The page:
Sitting with the possibility of my mom's death, holding it close, gives me clarity. I can see my own cause centered around a sense of abandonment; a need to lay blame and play victim, the same one I generated when my dad died in 1984. It is comfortable and familiar. And it no longer serves. I can easily step into a space where my need for her to be alive, for me, will drive me to misinterpret her death, to take it personally. Today I am on a different path. I choose to be in service. Rachel Naomi Remen writes: "Serving makes us aware of our wholeness and its power...Service is a relationship between equals: our service strengthens us as well as others." This intense situation is not a story of scarcity or worth or something I didn't get. It is one of love and life. I am filled with joy and happiness. I can feel our appreciation for each other, abundant and seemingly endless. Her innocense is inviting and playful. I am in complete surrender. Our bond is healing. We were laughing yesterday with my sister Lei as we spoke of the 2023 family vacation mom wants to take in Europe. "Let's just go for a month," she says, "we'll fly over there, then rent a car and drive around. Capri is so much fun."


I trust her body will carry her through, at its own pace. There is no rush. None of us have been here before, we are in uncharted territory. I prefer to love her just as she is, now, it's easier than wishing. I follow her lead, simply, without question. This works for me. I want to embrace the opportunity delivered here, a chance to reevaluate how I participate in my mom's life and what it means to me. I am not operating out of a sense of duty or obligation, I am tapping into a heartfelt desire to nurture. It could be a redesign of sorts, for both of us. It also feels like a bold acknowledgement of how I value this relationship.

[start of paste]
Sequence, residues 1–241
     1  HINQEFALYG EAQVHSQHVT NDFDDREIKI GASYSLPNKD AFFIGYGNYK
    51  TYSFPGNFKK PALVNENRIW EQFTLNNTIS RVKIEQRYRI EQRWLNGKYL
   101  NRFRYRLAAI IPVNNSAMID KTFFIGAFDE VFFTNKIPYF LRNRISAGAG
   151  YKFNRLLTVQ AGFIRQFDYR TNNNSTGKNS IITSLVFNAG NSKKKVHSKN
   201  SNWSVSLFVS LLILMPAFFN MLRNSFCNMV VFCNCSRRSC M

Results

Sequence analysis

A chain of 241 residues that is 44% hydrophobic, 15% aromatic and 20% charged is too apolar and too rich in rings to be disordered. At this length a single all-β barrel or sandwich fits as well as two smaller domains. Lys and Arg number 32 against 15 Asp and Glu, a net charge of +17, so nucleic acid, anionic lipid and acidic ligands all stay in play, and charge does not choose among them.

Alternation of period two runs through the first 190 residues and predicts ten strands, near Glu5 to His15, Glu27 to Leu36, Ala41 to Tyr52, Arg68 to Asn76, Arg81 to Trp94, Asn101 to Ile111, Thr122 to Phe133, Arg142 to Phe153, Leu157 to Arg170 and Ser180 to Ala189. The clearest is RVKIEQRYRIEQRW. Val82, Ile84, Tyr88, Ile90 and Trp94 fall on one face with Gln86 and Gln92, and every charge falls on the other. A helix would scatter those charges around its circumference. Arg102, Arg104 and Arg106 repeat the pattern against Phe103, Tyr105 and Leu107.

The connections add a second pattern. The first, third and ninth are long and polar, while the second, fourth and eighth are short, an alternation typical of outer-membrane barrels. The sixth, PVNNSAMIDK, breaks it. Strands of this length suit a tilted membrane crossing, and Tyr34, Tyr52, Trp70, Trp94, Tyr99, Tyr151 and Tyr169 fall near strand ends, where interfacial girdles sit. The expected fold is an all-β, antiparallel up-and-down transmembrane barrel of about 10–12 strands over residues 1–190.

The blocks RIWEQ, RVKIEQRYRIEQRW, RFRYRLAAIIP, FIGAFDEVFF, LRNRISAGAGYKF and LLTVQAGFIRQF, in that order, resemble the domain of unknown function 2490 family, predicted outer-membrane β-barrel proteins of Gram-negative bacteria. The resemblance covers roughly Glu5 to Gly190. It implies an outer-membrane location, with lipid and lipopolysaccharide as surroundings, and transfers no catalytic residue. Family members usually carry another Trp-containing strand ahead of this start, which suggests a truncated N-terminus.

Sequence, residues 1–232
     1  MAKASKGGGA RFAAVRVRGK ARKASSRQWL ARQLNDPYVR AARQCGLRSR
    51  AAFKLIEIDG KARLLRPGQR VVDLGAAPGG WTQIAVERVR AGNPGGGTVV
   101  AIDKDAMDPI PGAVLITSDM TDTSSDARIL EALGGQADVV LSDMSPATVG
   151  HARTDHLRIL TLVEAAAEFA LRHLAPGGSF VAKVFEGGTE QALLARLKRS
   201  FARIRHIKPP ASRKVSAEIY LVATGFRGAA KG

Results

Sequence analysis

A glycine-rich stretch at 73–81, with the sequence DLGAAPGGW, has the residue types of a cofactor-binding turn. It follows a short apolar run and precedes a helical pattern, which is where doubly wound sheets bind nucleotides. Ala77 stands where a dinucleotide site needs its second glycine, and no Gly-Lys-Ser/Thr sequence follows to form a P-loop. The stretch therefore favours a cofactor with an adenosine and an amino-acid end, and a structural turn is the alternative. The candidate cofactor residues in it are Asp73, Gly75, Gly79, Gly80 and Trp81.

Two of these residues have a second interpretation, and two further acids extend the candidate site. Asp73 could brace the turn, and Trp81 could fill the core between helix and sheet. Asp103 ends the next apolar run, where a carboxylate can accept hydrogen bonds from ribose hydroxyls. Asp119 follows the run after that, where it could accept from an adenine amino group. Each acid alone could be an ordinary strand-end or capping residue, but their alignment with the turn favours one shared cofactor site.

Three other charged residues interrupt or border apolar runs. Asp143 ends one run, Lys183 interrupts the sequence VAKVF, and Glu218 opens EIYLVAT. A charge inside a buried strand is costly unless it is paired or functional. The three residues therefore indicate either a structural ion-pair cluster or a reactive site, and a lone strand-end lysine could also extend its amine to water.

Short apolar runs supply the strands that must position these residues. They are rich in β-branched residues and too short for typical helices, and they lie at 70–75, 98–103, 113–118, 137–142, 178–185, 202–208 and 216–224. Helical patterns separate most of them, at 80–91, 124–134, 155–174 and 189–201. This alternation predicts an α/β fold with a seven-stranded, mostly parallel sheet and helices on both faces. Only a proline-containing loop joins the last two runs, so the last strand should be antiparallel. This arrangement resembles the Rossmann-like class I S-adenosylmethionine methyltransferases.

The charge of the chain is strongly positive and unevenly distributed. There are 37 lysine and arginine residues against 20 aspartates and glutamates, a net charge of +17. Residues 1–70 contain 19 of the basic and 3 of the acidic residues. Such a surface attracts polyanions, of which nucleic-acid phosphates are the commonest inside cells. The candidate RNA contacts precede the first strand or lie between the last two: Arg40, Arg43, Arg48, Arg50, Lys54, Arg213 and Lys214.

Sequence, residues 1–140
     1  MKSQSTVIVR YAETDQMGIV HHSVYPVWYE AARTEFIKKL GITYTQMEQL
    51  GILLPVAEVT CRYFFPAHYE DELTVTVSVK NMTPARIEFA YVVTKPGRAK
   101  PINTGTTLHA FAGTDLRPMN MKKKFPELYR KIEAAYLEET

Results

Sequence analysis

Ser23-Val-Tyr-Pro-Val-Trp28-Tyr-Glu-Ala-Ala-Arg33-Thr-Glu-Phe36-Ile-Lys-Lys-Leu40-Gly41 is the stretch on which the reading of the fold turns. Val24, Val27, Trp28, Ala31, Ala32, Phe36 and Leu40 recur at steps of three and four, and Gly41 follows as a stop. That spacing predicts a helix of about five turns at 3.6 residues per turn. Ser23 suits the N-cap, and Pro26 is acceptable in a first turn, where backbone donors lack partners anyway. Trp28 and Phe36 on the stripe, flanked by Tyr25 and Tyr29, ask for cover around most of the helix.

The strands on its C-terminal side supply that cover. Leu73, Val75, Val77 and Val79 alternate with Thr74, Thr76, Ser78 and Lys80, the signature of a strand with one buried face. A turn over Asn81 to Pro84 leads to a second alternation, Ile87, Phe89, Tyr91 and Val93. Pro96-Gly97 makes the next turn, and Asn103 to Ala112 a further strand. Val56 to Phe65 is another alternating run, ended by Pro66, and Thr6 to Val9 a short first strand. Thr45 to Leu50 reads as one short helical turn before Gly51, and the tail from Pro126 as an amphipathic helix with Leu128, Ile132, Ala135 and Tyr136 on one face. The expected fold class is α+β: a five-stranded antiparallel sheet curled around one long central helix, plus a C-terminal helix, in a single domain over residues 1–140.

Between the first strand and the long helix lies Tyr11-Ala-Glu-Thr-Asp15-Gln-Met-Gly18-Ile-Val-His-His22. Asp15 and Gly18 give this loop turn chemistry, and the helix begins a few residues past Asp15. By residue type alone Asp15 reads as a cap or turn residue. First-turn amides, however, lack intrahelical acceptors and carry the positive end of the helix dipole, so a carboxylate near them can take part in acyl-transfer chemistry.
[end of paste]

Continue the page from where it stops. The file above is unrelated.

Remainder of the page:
Mom is super grateful for our attention. She smiles as she states: "I raised you all so well." She did indeed. In two weeks time we are closer and more connected, all of us, together. I do not doubt any of it, this is where we need to be. I welcome what is to come, palms up and heart full. I want to appreciate the mystery of it all, to grow and expand. Her recovery is filled with "Flicka Gestures", clapping her hands, raising one arm and pointing a finger, shaking her booty, dancing steps, and singing moments. She is overflowing with life and expression, hers alone. I was quick to jump on board, to ride this wave with her, completely, wholeheartedly and not waste any of my precious time consumed with what is not here.